It can be hard to tell if you are eating too much. We may find ourselves eating in accordance with pre-determined meal times, or at events where everyone is eating, so it would be strange to refuse.
Or, we eat when we know it might be some time before we have a chance to eat again. Then there are the many meals we eat away from home, so it’s hard to know exactly how energy-dense those meals are.
The reality is, however, that if you gain weight, you end up eating too many calories more often than not, or even in smaller increments on a daily basis.
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So if you’re not sure exactly what’s increasing your eating, here are some of the main signs or reasons why you might be eating a little too much, too often, and what you can do to change this habit.
You are never hungry
Hunger is the physiological signal we need to refuel. It can be felt as a rumbling in the stomach, a general feeling of emptiness, or even physical discomfort or emotional irritability.
While excessive hunger isn’t ideal, getting to the point where you really feel hungry before you eat is a key part of long-term weight control.
“Never eat a snack or meal if you have no physical signs of hunger.”
On a daily basis, many of us overdo it a little too much at mealtimes so that we are never really hungry, and thus remain in a slight caloric excess. Over time, that’s where the kilo creep comes from.
The solution: Waiting at least three to four hours between meals, or waiting to eat until you’re actually hungry, is a simple yet powerful step to help control daily overeating.
You follow a strict meal plan or diet
Meal plans and dietary programs can be effective tools to help guide food choices and keep calorie and macronutrient intake on track. But when a diet is followed religiously, it can ignore daily differences in calorie production and needs, encouraging the consumption of food when it’s not necessarily necessary.
READ MORE: Registered Dietitian Susie Burrell Explains What Your Food Cravings Could Mean
Here, additional snacks or larger portions can be prescribed and then consumed regardless of hunger or appetite, which basically means that we end up eating extra calories that we don’t need.
The solution: Use your meal plan as a rough guide, but never eat a snack or meal if you have no physical signs of hunger.
You never wake up hungry
It’s common for busy people to eat lightly during the day and then overcompensate at night with a larger meal, sweets, snacks, and alcohol, all of which contribute a significant number of daily calories.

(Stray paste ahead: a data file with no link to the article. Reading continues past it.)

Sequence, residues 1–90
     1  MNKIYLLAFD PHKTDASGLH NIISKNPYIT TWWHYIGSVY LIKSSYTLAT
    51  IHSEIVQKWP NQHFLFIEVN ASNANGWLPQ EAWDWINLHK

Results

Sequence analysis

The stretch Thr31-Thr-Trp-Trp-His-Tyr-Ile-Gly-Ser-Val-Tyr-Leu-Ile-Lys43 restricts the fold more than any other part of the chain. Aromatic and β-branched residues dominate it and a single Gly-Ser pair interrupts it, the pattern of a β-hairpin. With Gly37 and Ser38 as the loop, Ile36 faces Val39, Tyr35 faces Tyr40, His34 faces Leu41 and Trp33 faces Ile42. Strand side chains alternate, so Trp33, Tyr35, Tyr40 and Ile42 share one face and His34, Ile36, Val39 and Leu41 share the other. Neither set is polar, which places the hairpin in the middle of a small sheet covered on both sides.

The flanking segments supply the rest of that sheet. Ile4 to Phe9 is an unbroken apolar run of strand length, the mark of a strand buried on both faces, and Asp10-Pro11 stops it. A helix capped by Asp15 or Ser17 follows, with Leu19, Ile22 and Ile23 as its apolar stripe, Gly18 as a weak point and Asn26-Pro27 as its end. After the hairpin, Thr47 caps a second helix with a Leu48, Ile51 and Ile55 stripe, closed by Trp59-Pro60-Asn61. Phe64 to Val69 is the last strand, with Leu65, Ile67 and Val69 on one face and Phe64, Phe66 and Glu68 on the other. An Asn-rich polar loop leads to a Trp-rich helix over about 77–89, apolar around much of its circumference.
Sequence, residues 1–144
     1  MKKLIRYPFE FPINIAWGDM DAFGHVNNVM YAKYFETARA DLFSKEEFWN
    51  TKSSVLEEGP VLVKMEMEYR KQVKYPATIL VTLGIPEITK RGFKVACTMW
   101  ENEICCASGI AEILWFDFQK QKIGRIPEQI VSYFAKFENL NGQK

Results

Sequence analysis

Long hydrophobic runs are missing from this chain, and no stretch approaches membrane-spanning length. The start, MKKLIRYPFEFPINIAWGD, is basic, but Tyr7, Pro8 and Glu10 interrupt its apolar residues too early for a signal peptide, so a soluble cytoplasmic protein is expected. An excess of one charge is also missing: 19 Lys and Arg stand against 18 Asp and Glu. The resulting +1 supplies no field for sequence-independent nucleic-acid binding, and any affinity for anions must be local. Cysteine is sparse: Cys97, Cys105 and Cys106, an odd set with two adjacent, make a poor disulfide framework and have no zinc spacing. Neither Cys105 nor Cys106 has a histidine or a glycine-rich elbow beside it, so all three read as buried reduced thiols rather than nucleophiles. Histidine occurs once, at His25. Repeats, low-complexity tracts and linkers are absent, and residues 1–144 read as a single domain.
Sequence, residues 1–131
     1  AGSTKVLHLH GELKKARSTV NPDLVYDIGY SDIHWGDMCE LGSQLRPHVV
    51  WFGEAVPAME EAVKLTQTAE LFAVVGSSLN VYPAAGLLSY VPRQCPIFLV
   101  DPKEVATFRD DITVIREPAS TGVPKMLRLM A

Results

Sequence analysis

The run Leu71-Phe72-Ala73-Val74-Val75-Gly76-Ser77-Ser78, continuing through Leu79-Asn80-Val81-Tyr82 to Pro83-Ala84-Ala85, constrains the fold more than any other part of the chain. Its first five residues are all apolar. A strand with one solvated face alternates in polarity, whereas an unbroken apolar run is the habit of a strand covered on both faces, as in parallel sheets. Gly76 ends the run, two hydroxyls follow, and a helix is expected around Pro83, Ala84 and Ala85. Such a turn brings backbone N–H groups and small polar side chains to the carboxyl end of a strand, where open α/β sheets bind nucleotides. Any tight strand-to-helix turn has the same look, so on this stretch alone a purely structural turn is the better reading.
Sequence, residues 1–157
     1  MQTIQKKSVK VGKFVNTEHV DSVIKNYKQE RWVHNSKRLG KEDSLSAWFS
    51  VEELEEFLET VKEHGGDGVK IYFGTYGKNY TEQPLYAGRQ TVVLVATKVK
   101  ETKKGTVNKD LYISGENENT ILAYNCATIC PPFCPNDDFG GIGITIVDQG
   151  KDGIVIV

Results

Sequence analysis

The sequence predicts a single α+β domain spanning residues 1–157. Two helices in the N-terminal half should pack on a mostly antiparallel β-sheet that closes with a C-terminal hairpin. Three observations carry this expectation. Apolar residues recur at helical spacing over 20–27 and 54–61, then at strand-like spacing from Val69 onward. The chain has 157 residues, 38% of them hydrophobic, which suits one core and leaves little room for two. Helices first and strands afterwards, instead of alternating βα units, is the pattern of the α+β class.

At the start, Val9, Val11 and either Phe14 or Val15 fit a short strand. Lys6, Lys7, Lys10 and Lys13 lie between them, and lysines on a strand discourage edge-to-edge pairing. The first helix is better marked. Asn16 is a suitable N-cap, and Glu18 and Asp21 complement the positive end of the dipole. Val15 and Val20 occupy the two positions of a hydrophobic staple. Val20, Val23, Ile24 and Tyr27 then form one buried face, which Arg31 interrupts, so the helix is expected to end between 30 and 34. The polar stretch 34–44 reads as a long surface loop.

This excessive consumption in the second half of the day can mean that we continue to process these foods eight or ten hours later, but we can still have the coffee and fill up the next morning when we could easily go another few hours without to eat.
The solution: If you regularly eat late at night, make a concerted effort to keep your meals small to ensure your fuel stores are depleted in the morning and you notice hunger within an hour or two of waking up.
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You eat regularly until you are uncomfortable
There’s nothing wrong with overdoing it on special occasions and having to loosen the buckle of the belt a bit. But if you’re eating regularly to the point of feeling seriously stuffed, it’s time to cut back. Over time, frequent overeating means that you are able to physically tolerate larger volumes of food, which will also allow you to overeat.
The solution: Practice stopping eating a bite or two away from extreme fullness to support digestive comfort as well as calorie balance.
READ MORE: The “breakthrough” diet and exercise combo you might need in your life
Your weight is increasing
We can be quick to blame lack of exercise as one of the main reasons for gaining weight, but at the end of the day, if you’re gaining weight, you’re eating too many calories for the amount of activity you’re doing. you do.
You can always increase your physical activity to put a stop to the weight gain, but you can also cut down on sweets and alcohol, and also lighten your meals with lower calorie foods, will also help you reduce your calories a bit. weight gain.
The solution: Think about when you overeat during the day and look for ways to lighten your meals, especially in the evening. Eating more vegetables and salads instead of more calorie dense foods like meat, pasta, rice, desserts and alcohol will also support a calorie deficit and halt weight gain.
Author Susie Burrel is a leading Australian dietitian and nutritionist, founder of shape meco-host of The nutritional couch podcast and prominent media spokesperson, with regular appearances in print and television commenting on all areas of diet, weight loss and nutrition.
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Coffee order with the most calories revealed
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